There aren’t many crops that can be seeded in this way. Clover is commonly frost seeded by farmers in the Northeast, and I’ve successfully frost seeded garden paths to clover even during a January thaw. You need to choose seed that can germinate in colder soil temperatures, isn’t prone to rot in wet soils, and can be broadcast–you’re not going to successfully frost seed peppers.
The two vegetable crops I’ve tried frost seeding are arugula and spinach. Spinach will germinate at temperatures as low as 38F. Both benefit from an early spring planting, because they’re prone to bolt prematurely in hot weather. So, a late April planting can bolt before you’ve even had the chance to get a decent harvest when May temperatures soar into the 80’s.
Last year, we weren’t able to turn our garden beds until April 23, a full 2 weeks later than any previous year. But, we had a warm spell in January. And we had a couple large packs of old arugula and spinach seed. So, I frost seeded both in January.
The spinach germinated ok, but the arugula was not as good. I broadcast a second seeding of both in early April, which did much better. In the end we had our best spinach crop ever and one of our best arugula crops, producing well into June. I’m trying it again this year with fresh seed and a mid-March planting to see if germination improves.
I used to try to sow a late fall planting of greens to winter over, but sometimes fall is just to busy with food preservation and putting everything to bed for the season. In March, there aren’t a lot of other garden tasks competing for attention, and after a long winter, most of us are eager to get started.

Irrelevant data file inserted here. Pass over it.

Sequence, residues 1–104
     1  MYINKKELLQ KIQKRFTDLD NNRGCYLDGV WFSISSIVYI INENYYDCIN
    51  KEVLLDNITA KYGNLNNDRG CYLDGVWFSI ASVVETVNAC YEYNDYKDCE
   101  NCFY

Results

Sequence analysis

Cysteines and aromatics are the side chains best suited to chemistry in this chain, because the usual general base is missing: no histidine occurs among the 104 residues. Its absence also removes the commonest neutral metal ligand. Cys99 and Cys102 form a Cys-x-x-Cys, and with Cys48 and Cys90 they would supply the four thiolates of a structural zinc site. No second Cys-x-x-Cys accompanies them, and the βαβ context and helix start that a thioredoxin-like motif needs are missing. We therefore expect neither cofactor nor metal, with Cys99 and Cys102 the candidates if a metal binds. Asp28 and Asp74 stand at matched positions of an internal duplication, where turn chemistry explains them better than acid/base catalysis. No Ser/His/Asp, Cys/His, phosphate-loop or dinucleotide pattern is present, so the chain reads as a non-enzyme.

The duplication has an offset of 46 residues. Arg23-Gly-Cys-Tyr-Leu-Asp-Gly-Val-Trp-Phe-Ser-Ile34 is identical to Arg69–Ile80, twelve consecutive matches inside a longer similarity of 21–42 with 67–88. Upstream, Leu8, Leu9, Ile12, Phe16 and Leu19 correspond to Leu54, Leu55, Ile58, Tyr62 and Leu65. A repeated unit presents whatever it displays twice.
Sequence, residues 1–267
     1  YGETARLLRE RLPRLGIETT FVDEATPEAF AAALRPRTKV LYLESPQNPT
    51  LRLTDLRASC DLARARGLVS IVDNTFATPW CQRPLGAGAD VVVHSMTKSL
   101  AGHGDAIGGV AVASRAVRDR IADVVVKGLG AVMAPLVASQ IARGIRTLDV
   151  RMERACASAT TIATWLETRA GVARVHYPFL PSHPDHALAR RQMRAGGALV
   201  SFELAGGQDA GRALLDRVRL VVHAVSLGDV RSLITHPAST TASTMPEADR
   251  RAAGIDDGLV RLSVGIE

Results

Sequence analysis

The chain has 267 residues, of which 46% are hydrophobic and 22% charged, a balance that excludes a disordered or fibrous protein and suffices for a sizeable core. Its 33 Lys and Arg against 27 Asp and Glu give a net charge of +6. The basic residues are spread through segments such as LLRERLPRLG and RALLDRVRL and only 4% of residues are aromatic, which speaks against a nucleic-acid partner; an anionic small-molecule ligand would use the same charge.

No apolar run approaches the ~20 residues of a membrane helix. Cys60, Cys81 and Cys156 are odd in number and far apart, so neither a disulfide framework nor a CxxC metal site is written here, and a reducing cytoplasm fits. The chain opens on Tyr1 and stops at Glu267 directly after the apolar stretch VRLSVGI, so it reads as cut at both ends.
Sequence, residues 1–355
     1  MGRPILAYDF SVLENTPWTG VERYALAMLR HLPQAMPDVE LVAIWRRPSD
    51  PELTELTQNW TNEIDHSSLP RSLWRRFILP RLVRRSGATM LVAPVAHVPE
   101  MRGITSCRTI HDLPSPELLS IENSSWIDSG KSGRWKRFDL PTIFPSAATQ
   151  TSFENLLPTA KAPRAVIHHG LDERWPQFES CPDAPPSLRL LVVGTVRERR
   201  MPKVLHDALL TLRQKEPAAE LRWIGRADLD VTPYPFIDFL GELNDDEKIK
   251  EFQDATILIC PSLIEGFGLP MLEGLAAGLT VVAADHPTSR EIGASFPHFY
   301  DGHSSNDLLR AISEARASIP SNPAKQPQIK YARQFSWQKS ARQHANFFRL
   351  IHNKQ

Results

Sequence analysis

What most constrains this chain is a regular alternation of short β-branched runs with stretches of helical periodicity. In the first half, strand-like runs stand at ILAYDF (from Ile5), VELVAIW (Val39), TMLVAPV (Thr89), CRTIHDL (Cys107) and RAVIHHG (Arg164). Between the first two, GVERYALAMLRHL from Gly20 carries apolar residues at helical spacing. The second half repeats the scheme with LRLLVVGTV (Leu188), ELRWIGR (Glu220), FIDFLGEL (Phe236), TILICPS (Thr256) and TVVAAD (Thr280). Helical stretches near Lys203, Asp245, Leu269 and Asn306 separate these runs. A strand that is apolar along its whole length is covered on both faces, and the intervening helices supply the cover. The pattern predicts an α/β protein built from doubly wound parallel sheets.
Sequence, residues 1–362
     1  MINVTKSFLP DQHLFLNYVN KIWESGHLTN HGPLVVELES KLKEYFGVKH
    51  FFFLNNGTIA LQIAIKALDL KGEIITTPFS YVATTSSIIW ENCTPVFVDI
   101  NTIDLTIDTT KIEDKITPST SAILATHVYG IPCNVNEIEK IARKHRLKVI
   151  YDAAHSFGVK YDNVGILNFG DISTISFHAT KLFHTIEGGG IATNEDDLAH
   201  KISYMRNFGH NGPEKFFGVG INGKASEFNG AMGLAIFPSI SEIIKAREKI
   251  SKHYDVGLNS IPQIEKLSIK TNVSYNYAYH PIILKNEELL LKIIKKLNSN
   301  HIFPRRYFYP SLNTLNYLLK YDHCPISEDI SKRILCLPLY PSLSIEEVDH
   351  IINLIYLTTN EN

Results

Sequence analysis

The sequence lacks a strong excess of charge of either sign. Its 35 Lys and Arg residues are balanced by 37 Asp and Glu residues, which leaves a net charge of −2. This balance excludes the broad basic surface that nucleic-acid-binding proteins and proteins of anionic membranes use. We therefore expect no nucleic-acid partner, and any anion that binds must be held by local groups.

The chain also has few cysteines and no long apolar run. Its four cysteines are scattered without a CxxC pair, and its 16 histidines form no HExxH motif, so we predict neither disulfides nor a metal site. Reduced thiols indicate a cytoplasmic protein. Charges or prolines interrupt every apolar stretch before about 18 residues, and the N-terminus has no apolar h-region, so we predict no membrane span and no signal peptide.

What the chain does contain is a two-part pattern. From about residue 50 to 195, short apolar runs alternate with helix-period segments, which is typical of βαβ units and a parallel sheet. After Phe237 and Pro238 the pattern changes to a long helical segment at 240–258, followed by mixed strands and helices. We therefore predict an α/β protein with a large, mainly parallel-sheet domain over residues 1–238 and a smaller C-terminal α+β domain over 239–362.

Planting the Seed
To take advantage of frost seeding, you need to have a space in your garden that’s ready for planting — bare soil that’s reasonably smooth and level (not covered with weeds or crop residue or thick mulch, unless it’s easily removed, but an inch or two of snow is ok). You’ll use more seed in broadcasting than you would if you were carefully planting a row. For spinach, I use about 3/4 of an ounce (about 1500 seeds) for 50 square feet. Typical seed packets vary, but are likely to be 1/4-1/2 ounce. There are a lot of great companies with dozens of varieties to choose from, but just to give an example, we get a large 1 oz packet of Giant Winter spinach from Fedco for $3.80. For arugula, try 1/8 oz for 50 square feet.
Once you have your seeds, mark your planting area and broadcast the seed being careful not to step on your planting soil. If you’re new to broadcasting seed, an easy way to spread it evenly is to divide the seed in half, broadcast half of it over the entire area, and then starting from the opposite direction, broadcast the other half over the same area. That way if you start broadcasting and find that you’ve used all your seed before you finish the area, you still have half the seed left to even it out.
You might feel odd, leaving your precious seed exposed to the elements. If you feel compelled to add a little protection, you can sprinkle a light layer of finished compost or mulch over the seeding, but it’s not necessary. Those little seeds are hardier than they look!
Summer is ending. The nights are cooler and followed by heavy morning dews, summer vacations have come to an end, lakes are closed for swimming…but the garden is still in full force. Many favorite garden crops are just coming into their own in the late summer—corn, big heirloom tomatoes, spicy hot peppers and ripe sweet peppers, bouqets of aromatic basil and tender eggplants. By early September, fall roots, like carrots and beets have reached full size, leeks are ready for harvesting, and greens are looking lush, benefitting from the cool evenings.